Prisoners of Hate: The Cognitive Basis of Anger, Hostility, and Violence


Product Details

$18.99  $17.66
Harper Perennial
Publish Date
5.3 X 7.9 X 1.0 inches | 0.7 pounds

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About the Author

Aaron T. Beck, MD, created and refined cognitive therapy over the course of his research and clinical career. He has published more than 600 scholarly articles and twenty-five books, and has developed widely used assessment scales. Beck has received many prestigious awards, including the 2006 Albert Lasker Clinical Medical Research Award for developing cognitive therapy. In 2013, he became the first recipient of the Kennedy Community Health Award from The Kennedy Forum. Beck has been listed as one of the ten "individuals who shaped the face of American psychiatry" and one of the five most influential psychotherapists of all time. He is emeritus professor in the department of psychiatry at the University of Pennsylvania, and director of the Aaron T. Beck Psychopathology Research Center. His current research focuses on cognitive therapy for schizophrenia, cognitive therapy for suicide prevention, and dissemination of cognitive therapy into community settings.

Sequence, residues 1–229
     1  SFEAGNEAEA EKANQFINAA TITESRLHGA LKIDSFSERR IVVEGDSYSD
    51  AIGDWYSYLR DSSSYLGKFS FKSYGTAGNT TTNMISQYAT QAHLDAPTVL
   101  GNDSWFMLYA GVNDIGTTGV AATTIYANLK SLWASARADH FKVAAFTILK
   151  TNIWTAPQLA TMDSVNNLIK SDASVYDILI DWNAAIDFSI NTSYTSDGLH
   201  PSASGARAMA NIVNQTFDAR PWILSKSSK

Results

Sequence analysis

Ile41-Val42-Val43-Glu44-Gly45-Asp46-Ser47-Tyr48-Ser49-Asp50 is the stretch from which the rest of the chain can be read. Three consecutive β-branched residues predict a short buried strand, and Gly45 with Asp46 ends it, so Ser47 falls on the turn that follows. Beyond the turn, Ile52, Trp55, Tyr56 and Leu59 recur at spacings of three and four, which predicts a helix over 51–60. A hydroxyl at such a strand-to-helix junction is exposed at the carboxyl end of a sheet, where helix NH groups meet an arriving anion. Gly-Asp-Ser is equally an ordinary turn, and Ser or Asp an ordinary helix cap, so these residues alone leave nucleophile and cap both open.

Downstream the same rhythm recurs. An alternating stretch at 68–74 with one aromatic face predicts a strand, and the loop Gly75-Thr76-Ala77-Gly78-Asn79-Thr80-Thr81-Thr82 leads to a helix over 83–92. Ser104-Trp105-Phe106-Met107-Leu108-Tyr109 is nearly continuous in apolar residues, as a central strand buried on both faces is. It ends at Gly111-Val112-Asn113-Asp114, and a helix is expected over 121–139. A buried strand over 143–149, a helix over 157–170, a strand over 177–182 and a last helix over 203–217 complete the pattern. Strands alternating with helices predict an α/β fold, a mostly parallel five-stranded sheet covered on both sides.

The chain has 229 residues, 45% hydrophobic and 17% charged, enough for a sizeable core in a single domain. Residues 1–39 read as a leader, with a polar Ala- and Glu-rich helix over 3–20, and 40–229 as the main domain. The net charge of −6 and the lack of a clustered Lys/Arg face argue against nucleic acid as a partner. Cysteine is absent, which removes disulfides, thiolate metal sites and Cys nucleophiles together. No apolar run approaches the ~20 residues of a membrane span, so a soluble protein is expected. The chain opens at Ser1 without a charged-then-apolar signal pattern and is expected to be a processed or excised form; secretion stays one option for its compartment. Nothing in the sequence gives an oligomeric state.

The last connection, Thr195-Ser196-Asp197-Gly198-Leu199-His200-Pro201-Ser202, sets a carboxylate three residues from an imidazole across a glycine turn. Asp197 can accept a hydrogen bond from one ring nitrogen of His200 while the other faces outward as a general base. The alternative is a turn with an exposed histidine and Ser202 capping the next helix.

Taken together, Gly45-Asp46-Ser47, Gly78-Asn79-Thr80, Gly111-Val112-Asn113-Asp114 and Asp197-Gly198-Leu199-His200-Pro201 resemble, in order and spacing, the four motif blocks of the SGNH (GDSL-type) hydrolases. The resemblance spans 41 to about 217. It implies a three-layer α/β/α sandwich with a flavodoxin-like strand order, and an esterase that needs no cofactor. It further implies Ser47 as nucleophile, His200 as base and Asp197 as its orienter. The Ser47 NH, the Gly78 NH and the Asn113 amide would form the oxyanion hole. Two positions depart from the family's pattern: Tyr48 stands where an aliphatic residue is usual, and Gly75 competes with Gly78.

"In this important book, one of America's most distinguished psychiatrists draws on his vast clinical experience, personal wisdom, and scholarly knowledge to offer a fascinating account of the dark side of the human psyche."--Roy F. Baumeister, author of "Evil: Inside Human Violence and Cruelty"The leading authority on depression here turns his clinical radar on the cognitive sources of anger and hostility. As Dr. Beck demonstrates, hate and violence bring pain not only to the victims but also to the perpetrators. Hostility and rage can become habitual and, like other bad habits, these can be broken. This fine book can help."--David T. Lykken, Ph.D., professor emeritus of psychology, University of Minnesota"This magnificent synthesis crowns a lifetime of achievement in cognitive behavior therapy. The same formulations that account for violence in the individual are found to apply also to collective violence. During the Cold War the West had a convenient distant enemy; now that NATO dominates the world, close neighbors are turning on one another. This is a timely book, closely argued and vividly illustrated with telling examples."--Sir David Goldberg, professor, Institute of Psychiatry (London)"Aaron Beck draws on a lifetime of scientific research and therapeutic experience. . . . He has devoted his career to showing how the rational side of human nature can be trained to overcome the merciless legacy of irrelevant evolutionary imperatives and the tragic result of individual traumas. By reducing conflict arising, not from clashes of interest, but mistaken judgments and unprocessed impulses, this book will help both laymen and professionals put human rationality to its most importantuse."--Ian S. Lustick, department chair and professor of political science, University of Pennsylvania "A brilliant book, deeply needed in today's world. Dr. Beck brings to bear both immense knowledge and creative intelligence to synthesize this amazingly practical, yet never too simple book of advice and insight."--Edward M. Hallowell, M.D., author of "Worry and "Connect"This valuable book shows that even the most extreme forms of hate and violence arise from diminishing and dehumanizing other people, from seeing them as enemies--even if they are our wives and husbands. Very importantly, it also offers remedies--ways to alter our thinking so that we can live more loving lives."--Ervin Staub, Ph.D., author of "The Roots of Evil"Prisoners of Hate offers a profound analysis of a most pressing human challenge: the causes--and prevention--of hatred. Of the many important books Aaron Beck has written, this may be his greatest gift to humanity."--Daniel Goleman, author of "Emotional Intelligence"A provocative and most timely report."--"Kirkus Reviews"A breathtaking experience. Beck's explanations are so clear, obvious and practical that you feel a surge of hope. "Prisoners of Hate is a clear review of the world's most important psychological theory, and is virtually a workbook on how to prevent violence. . . . A book that does so many important things so well can only be called a masterpiece.""Philadelphia Inquirer